Although much has been written about two uncertainties in life, none is more famous than a letter written by Benjamin Franklin to Jean-Baptiste Leroy in 1789, in which Franklin stated, “In this world nothing can be said to be certain, except death and taxes”. While death can be considered one of the two certainties in life, several unfavorable secular trends are hampering longer-term growth and profitability in the death care industry.
Firms in the death care industry have several qualities that, on the surface, make for solid investments. Firm’s like Service Corporation International (SCI) and Stewart Enterprises (STEI) generate robust positive free cash flow. The industry’s largest player, Service Corporation consistently generates roughly $250 million in equity free cash flow on average, equating to a free cash flow yield of 9%. Stewart generates roughly $55 million of equity free cash on average, with a three-year average yield of almost 8%. Additionally, these firms have a track record of repurchasing their own shares, and issuing albeit modest dividends.
Despite looking good on paper, digging deeper into the death care business model and industry trends give us pause. While death can be considered one of the two certainties in life, a growing reliance on preneed sales creates top-line volatility, and generates investment risk for the industry’s players. Preneed sales occur when individuals specify in advance–and prepay for–cemetery and funeral property, products, and services prior to death. After booking a preneed sale, the proceeds are put into trust accounts, and are drawn down upon completion of certain activities in preparation of death or upon death. As such, when trust assets decline in value as they did over the Great Recession of 2009, the firm could be subject to capital injections to make up the difference. In a worst-case scenario, any sustained investment losses or insufficient investment yields could result in funds needed to pay for the cost of future services, merchandise, or cemetery maintenance. Death care firms believe that the balances in trusts and escrow accounts–coupled with future earnings on trust balances–will be sufficient to cover the estimated cost of providing preneed services in the future. However, there is no guarantee, and from an investment standpoint, we would feel more comfortable if these services were priced or underwritten by life insurance actuaries, due to the massive size of the trust portfolio assets.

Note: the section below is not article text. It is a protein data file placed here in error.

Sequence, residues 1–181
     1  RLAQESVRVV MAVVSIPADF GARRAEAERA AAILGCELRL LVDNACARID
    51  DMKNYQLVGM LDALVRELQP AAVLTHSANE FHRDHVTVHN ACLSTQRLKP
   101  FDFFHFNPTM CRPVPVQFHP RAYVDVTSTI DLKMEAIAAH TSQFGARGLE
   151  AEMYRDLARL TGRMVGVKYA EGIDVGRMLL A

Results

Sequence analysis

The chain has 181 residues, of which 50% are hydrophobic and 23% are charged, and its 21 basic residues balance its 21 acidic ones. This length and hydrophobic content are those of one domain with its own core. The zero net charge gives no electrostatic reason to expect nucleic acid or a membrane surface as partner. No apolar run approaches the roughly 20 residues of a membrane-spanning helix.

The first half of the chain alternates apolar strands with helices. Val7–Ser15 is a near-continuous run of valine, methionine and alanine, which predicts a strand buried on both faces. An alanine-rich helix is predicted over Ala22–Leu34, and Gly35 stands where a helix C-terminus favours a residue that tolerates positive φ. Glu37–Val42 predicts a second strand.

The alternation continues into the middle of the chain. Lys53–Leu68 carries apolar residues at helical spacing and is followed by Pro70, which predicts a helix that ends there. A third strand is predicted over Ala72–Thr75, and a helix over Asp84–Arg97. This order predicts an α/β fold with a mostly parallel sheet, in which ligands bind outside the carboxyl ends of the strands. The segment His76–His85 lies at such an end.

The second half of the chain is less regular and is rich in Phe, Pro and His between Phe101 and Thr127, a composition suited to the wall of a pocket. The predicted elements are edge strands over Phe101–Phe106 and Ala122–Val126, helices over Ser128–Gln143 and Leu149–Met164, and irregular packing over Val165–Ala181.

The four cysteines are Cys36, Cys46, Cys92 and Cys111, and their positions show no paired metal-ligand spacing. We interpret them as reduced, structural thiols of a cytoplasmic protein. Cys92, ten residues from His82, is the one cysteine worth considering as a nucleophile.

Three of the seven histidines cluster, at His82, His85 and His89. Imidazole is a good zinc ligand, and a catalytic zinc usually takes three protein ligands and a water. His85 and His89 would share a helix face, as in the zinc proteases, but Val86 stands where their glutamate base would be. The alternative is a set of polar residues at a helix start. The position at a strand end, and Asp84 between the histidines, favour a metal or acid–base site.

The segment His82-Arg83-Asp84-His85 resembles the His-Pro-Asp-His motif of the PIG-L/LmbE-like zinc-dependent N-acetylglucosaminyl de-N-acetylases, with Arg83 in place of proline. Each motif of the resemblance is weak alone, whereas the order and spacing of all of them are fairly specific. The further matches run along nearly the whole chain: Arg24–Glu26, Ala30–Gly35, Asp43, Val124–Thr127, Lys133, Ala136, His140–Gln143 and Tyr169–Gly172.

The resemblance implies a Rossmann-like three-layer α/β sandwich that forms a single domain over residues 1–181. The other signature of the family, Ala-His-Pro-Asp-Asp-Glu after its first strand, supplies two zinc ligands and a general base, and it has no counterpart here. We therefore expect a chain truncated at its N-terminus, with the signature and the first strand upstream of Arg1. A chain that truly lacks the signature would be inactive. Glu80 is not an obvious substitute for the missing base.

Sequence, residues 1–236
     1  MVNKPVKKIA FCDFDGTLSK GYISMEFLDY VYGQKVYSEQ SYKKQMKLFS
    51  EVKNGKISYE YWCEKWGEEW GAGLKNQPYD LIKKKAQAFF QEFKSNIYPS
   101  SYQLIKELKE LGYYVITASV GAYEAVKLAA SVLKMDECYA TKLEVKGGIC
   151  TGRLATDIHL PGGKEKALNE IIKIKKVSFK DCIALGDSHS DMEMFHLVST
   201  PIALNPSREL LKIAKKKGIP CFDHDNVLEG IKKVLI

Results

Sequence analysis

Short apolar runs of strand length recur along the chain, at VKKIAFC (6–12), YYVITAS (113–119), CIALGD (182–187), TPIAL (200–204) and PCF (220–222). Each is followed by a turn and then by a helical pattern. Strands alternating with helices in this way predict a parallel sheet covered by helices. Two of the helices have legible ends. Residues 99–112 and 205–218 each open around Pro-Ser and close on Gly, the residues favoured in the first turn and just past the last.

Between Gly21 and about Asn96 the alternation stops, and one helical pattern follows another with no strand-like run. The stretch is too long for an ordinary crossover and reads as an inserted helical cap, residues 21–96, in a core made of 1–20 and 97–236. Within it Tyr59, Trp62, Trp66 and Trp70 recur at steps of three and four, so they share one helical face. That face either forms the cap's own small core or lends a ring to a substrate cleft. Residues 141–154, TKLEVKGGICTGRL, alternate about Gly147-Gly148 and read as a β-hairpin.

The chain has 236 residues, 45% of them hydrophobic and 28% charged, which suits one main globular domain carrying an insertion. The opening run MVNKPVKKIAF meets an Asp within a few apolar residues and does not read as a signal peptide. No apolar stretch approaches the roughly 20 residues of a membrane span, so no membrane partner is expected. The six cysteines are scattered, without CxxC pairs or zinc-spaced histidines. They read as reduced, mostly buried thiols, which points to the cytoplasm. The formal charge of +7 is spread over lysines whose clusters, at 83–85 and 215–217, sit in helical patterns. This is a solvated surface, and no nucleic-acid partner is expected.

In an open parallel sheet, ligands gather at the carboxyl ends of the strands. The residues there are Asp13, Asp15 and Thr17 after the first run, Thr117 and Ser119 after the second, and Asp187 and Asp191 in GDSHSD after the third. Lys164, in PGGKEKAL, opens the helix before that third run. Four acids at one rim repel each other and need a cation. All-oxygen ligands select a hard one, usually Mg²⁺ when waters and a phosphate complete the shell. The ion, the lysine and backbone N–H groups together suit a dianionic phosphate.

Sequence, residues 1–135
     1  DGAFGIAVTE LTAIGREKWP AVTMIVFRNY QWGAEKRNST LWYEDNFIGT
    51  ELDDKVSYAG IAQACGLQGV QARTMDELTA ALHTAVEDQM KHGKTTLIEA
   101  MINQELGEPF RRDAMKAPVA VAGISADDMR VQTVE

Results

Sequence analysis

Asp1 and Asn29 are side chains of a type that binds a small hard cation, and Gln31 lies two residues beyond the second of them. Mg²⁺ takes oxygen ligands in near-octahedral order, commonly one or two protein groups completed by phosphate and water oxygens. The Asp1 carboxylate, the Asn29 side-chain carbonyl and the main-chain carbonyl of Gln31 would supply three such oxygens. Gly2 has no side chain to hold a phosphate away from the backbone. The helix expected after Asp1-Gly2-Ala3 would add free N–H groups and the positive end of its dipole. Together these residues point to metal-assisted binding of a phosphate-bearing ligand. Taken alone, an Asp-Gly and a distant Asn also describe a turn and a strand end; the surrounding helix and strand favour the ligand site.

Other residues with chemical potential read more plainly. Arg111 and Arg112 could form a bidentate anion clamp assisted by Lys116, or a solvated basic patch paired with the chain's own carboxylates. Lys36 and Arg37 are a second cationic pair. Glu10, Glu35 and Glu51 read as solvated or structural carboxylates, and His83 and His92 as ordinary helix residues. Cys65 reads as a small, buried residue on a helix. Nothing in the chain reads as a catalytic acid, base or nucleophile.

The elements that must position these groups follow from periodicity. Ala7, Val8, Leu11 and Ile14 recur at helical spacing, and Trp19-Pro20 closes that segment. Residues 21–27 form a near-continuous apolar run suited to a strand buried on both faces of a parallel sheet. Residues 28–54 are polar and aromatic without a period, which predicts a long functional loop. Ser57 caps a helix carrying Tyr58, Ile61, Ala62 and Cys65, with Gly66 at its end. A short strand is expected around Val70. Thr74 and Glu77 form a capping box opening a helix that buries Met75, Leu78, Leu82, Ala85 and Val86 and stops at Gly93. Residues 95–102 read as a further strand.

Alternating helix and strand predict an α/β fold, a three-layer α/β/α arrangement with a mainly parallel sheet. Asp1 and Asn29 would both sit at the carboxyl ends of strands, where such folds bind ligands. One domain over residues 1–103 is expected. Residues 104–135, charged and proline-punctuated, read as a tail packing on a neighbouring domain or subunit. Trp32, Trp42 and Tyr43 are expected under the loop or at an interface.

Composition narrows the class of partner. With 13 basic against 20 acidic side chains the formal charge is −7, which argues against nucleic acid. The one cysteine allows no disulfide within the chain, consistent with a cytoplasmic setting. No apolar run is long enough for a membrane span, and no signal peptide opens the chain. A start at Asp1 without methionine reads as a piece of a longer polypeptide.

The reliance on preneed sales in the death care industry is due to a lack of overall deaths in the marketplace. According to the United States Census Bureau, the number of deaths in the United States is expected to increase by roughly 1 per cent per year, to only 2.9 million by 2020, from 2.5 million in 2008. Additionally, life expectancy and average life spans have increased due to increases in medical innovation and preventative health care, a trend that should persist, in our view. This low level of growth, coupled with intense competition from other traditional death care firms–and less traditional big box retailers like Costco (COST) and Walmart’s Sam’s Clubs (WMT)–put additional emphasis on cost-cutting initiatives and operational efficiency to drive margins. Furthermore, while paying for a funeral at the time of death is unavoidable, paying in advance is not. Individual preneed purchases tend to be discretionary during economic downturns, which was apparent during the Great Recession, as revenue declined.
Adding additional pressure to operational results is the fact that cremations are gaining popularity relative to more traditional funeral services. Same-store cremation rates have risen to 42% today from 32% in 2000, and cremations typically provide lower absolute dollars on the margin line, given that they don’t carry as many ancillary, or up-sell services. Countries like Japan have almost a 100% cremation rate, while China cremates more individuals a year than any other country (with almost a 50% cremation rate). The United Kingdom has seen its cremation rate increase with the national average, rising to 70% currently from 35% in 1960. Even domestically, states on the west coast tend to use cremations as a method of burial more so than the Southeastern U.S. (with 60% cremation rates versus 20% cremation rates on average). The death care industry is currently struggling with ways to convince consumers to purchase auxiliary services for cremations in an effort to increase profitability. However, we find it hard to believe that any amount of innovation, if possible, would supplant revenue from higher-margin, traditional interment services.
Ultimately we believe the old adage of two certainties in life–death and taxes–don’t necessarily hold in the investment world. Longer life expectancies, unfavorable secular trends toward cremations, and intense price competition will haunt the death care industry for years to come, in our opinion.
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